‘Stealth’ Omicron: Scientists discover cases of new Covid variant in London - how does your area compare?

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The UK Health Security Agency (UKHSA) named the Omicron sub-strain BA.2 a “variant under investigation” on January 21.

A coronavirus strain branded ‘stealth Omicron’ now accounts for up to almost 6% of Covid infections in some London boroughs.

Cases of the Omicron sub-variant BA.2 have been in the UK for some time - with the first example found on December 6, 2021.

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But numbers are growing both here and abroad, and the UK Health Security Agency (UKHSA) named it a “variant under investigation” on January 21.

Omicron symptoms tend to be very similar to the common cold (Composite: Mark Hall / JPIMedia)Omicron symptoms tend to be very similar to the common cold (Composite: Mark Hall / JPIMedia)
Omicron symptoms tend to be very similar to the common cold (Composite: Mark Hall / JPIMedia) | Mark Hall / JPIMedia

The Wellcome Sanger Institute analysed 38,000 positive Covid-19 tests taken in the week to January 15, and found one in 100 samples were now stealth Omicron across England.

And in some parts of London, up to 6% of positive Covid tests are estimated to be stealth Omicron.

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The institute does not sequence all positive tests, so the figures can be used to work out the proportion of stealth Omicron cases in each area.

Find out the situation in your borough with our interactive map.

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It analysed 227 tests from Harrow, successfully identifying a variant in 224 of them, and BA.2 was found in nine tests, representing 4% of those identified.

While 347 tests were analysed in Barnet, 342 of which successfully identified a variant, and nine of these were found to be BA.2, representing 2.6% of those identified.

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In Richmond-upon-Thames, 128 tests were looked at, with 121 successfully identifying a variant.

The 'Stealth Omicron' variant of the coronavirus has been spreading rapidly throughout the UK.The 'Stealth Omicron' variant of the coronavirus has been spreading rapidly throughout the UK.
The 'Stealth Omicron' variant of the coronavirus has been spreading rapidly throughout the UK.

Seven tests were found to be BA.2 - making that 5.8% of all those identified, the highest percentage in the capital.

Newham and Brent saw seven and six tests found as BA.2 - or 5% and 2.8% respectively.

It is not known where Stealth Omicron originated, with the first cases found in the Philippines and high numbers being reported in Denmark.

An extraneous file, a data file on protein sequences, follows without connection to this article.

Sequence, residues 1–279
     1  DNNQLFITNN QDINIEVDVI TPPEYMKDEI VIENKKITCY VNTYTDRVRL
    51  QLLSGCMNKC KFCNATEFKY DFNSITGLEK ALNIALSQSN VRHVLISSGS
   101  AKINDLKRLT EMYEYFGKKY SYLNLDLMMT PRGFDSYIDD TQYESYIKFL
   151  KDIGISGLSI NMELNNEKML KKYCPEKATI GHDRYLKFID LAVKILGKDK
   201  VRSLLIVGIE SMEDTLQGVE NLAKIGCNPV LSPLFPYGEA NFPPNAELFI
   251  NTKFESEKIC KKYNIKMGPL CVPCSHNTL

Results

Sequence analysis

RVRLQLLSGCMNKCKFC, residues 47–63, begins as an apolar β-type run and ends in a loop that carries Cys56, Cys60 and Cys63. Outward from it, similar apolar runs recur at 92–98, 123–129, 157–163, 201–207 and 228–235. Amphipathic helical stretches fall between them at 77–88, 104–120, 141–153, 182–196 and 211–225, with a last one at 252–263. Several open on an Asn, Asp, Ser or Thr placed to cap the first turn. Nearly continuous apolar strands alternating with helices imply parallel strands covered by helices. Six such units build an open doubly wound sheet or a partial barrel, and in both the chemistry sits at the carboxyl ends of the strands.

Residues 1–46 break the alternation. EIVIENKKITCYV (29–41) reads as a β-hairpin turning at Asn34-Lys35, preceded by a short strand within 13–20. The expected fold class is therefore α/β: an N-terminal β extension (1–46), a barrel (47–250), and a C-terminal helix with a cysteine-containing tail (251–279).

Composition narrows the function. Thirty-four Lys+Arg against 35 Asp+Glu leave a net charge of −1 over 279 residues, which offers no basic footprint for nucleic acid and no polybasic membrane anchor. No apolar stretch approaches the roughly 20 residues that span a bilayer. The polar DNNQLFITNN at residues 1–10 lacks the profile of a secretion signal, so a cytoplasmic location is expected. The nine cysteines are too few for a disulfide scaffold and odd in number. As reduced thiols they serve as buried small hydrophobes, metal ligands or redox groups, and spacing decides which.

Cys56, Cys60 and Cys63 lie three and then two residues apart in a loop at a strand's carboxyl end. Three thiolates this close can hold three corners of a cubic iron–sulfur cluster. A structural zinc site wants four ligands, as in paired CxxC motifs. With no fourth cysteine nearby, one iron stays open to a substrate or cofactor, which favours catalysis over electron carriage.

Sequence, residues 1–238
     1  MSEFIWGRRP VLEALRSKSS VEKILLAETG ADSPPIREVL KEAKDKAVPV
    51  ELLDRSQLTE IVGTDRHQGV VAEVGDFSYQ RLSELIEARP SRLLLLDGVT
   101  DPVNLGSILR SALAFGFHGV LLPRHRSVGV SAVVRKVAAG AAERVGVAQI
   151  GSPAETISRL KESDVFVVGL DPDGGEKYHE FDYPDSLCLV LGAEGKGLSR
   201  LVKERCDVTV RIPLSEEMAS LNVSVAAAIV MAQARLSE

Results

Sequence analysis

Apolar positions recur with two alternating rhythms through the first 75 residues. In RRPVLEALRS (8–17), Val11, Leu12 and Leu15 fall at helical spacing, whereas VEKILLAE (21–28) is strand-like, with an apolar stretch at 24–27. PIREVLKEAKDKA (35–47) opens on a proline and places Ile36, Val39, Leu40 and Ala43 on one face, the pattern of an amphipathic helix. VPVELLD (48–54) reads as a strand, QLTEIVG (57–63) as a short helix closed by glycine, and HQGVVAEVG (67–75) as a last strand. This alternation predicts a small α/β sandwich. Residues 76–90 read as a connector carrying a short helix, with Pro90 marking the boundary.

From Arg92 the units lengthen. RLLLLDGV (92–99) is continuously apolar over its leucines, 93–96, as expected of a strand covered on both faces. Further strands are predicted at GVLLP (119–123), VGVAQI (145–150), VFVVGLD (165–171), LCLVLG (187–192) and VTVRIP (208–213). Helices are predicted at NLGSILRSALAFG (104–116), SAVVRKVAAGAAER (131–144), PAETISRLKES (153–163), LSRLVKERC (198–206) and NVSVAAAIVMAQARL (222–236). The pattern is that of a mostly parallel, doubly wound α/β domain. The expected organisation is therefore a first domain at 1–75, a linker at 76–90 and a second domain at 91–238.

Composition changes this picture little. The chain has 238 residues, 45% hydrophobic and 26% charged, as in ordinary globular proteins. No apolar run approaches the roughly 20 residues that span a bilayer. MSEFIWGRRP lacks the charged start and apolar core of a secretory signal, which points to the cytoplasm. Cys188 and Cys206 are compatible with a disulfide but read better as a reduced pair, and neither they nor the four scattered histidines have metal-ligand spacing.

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Health Secretary Sajid Javid told the public that the government will be looking towards plans for ‘living with Covid’ in the coming months. (Credit: Getty)Health Secretary Sajid Javid told the public that the government will be looking towards plans for ‘living with Covid’ in the coming months. (Credit: Getty)
Health Secretary Sajid Javid told the public that the government will be looking towards plans for ‘living with Covid’ in the coming months. (Credit: Getty) | Getty Images

It got its nickname because it does not have a tell-tale marker on its spike protein, revealed through a common PCR test, which was previously used to monitor Omicron’s spread.

But both PCR and lateral flow tests still identify Covid infection.

Dr Meera Chand, Covid-19 incident director at the UKHSA, said: “It is the nature of viruses to evolve and mutate, so it’s to be expected that we will continue to see new variants emerge as the pandemic goes on.

“Our continued genomic surveillance allows us to detect them and assess whether they are significant.

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“So far, there is insufficient evidence to determine whether BA.2 causes more severe illness than Omicron BA.1, but data is limited and UKHSA continues to investigate.”

Health secretary Sajid Javid said: “We are learning to live with this virus – and thanks to our world-leading surveillance system we can rapidly detect and carefully monitor any genetic changes to Covid-19.

“Our exceptional vaccine rollout means the number of people severely affected by Covid-19 is low, and the UK’s innovation and research has discovered life-saving treatments for those most at risk from Covid-19.”

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